Maritime Industry Day Was Worth Attending

Water Ways
Honolulu Star Bulletin (03/13/99)
By Ray Pendleton

Why weren't you there?

Maybe you just didn't hear about it. Or maybe you didn't think there would be anything of interest for you there.

What ever the case, if you are a recreational boater, you really missed out by not attending the Coast Guard's Hawaiian Maritime Industry Day last week at the Hilton Hawaiian Village.

Oh, I know, the name sounds like it was a conference just for commercial ocean users, but like the event's co-host, Hawaii Ocean Industry and Shipping News, the name can fool you. As does the magazine, it featured several topics most rec-boaters would find interesting.

The day started off with five breakout sessions and two of them immediately caught my eye.

One was a report on the status of the Hawaii Maritime Authority which is currently taking shape through the efforts of an ad hoc commission lead by Sea-Land's Clint Taylor. If the authority becomes a reality, it will eventually have control of all commercial and recreational harbors in the state.

The other session was a presentation by Steve Thompson of the Department of Land and Natural Resources on proposed changes in the rules regulating the operation of "thrill craft," or what are usually referred to as personal water craft or jet skis. These changes will effect operator safety and training, operating areas, and tow-in surfing.

A bit later in the morning, Bill Nickson of Transmarine Navigation provided an update on HOST, the newest maritime organization in Hawai`i. HOST stands for Hawaii Operational Safety Team, and as its name implies, it was created to find solutions for any marine safety problems it may identify.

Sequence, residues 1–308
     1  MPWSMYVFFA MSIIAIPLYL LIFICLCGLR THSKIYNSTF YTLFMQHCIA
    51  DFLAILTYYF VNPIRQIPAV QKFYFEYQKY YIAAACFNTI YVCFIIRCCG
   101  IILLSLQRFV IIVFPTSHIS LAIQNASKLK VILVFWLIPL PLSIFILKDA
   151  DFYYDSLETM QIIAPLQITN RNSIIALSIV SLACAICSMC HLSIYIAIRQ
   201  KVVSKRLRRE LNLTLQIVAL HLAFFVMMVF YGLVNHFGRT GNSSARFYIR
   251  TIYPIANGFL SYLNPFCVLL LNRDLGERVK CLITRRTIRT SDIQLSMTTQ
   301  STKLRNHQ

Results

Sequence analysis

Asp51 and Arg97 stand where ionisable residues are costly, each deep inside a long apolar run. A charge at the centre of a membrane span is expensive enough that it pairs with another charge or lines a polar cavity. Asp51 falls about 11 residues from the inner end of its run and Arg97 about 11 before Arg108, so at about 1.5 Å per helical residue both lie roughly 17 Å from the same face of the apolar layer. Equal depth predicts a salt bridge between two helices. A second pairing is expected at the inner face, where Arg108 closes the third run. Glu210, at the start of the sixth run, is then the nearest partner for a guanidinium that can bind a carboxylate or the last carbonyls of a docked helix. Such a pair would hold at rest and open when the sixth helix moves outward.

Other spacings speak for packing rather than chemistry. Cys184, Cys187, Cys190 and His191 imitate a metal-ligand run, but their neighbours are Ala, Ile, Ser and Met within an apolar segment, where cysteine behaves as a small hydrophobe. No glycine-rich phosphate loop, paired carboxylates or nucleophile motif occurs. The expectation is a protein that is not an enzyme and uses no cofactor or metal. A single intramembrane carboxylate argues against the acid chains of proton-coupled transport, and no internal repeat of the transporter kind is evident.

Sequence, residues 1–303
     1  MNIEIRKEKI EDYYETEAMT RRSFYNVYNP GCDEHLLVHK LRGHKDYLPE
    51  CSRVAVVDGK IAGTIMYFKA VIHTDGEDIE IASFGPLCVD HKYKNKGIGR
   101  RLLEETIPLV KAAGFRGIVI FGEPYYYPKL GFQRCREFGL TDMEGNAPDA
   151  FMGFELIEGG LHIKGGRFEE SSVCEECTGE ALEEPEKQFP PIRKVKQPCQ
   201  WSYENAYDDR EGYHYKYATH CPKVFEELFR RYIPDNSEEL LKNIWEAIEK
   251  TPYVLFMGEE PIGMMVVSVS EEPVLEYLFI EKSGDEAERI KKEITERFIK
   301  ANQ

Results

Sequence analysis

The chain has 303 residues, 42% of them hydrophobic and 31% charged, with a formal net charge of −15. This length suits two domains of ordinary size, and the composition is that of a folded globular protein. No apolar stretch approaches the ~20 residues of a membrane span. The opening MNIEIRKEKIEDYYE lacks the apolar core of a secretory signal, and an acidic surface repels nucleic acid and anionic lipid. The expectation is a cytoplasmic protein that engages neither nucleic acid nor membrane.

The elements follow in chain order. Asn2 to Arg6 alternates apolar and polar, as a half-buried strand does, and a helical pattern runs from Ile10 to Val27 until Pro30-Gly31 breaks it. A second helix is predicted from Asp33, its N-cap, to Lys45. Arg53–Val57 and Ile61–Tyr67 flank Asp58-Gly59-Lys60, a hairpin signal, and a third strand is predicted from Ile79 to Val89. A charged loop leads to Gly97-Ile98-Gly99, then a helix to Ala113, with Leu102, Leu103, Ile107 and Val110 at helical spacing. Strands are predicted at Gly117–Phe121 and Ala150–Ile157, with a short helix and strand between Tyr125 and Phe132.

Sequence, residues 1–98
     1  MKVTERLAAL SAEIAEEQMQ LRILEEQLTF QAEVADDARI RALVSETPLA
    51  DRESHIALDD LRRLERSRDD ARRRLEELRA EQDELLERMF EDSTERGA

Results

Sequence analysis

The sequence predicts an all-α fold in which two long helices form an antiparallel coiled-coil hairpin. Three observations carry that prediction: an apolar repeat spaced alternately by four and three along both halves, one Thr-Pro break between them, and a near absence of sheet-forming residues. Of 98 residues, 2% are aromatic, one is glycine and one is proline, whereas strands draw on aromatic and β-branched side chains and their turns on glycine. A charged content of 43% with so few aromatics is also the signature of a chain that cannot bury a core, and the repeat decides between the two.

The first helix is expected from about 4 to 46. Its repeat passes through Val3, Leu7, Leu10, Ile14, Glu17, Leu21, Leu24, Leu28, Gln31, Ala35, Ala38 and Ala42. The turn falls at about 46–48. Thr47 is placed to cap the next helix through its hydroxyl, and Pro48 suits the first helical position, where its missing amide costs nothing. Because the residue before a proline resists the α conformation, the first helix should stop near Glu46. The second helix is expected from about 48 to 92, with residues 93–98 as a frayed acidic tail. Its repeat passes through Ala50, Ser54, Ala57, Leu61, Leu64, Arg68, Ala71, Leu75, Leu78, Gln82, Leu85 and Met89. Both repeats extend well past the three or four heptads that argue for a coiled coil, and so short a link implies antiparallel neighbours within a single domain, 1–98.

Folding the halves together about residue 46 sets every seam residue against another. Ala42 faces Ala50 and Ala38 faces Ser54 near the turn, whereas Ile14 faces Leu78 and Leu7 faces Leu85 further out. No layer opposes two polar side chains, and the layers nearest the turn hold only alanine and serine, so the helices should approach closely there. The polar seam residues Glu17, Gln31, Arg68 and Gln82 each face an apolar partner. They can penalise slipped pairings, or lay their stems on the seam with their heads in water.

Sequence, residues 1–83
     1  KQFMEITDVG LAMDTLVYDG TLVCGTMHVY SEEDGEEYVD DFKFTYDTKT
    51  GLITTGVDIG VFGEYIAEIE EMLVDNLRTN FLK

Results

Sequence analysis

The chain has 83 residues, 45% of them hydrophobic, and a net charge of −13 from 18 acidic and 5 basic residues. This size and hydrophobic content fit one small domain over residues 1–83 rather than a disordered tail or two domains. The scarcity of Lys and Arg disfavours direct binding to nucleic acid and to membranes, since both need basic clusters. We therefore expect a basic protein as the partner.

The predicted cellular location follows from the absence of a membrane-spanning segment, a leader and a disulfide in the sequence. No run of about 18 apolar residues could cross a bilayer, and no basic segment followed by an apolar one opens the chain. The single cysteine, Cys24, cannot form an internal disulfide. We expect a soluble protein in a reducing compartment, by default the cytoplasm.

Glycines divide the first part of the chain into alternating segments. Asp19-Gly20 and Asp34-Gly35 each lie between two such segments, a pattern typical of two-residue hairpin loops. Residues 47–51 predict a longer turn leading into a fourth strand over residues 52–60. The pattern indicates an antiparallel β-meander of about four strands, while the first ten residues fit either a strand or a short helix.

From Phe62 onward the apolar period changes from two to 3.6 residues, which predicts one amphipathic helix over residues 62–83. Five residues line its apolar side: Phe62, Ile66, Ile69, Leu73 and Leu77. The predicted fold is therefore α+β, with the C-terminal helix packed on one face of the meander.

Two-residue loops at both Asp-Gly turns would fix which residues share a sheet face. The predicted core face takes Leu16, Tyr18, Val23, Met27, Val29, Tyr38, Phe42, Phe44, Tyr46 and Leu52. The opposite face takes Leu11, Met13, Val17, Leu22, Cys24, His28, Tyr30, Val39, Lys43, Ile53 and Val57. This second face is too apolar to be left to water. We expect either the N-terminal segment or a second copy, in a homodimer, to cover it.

HOST is comprised of volunteers from virtually every facet of maritime interest, from the military, local government and emergency responders, to shippers, tour boat operators and recreational boaters.

Nickson stressed that the heart of HOST is its subcommittees which make recommendations to the general meetings, where a consensus is then reached, rather like a hospital review board.

Of HOST's 16 subcommittees, several are bound to have a direct impact on recreational boating in Hawai`i.

Consider the Mamala Bay Operating Subcommittee, which addresses the parameters of ocean activities within Mamala Bay. Or, the Ocean Racing and Recreation Subcommittee, which addresses the safety factors in ocean racing in Hawaii's waters.

A final breakout session was directed exclusively at recreational boating issues. Presented by Kent Richards, Coast Guard Private Vessel Safety Coordinator, it touched on some very important topics: Coast Guard boardings of recreational boats, the need for boating safety education, and the upcoming Safe Boating Week, May 22, through the 28.

Along with all of the educational presentations at the C.G. Maritime Industry Day, there were also representatives from numerous marine-oriented companies providing product and service information.

But, perhaps the best part of the day's activities came when all of the nearly 300 attendees found time for some old fashioned networking. Meeting people face to face always seems to improve communications.

If you agree that you may have missed out on something by not attending, keep an eye on this column next year for an advanced notice.

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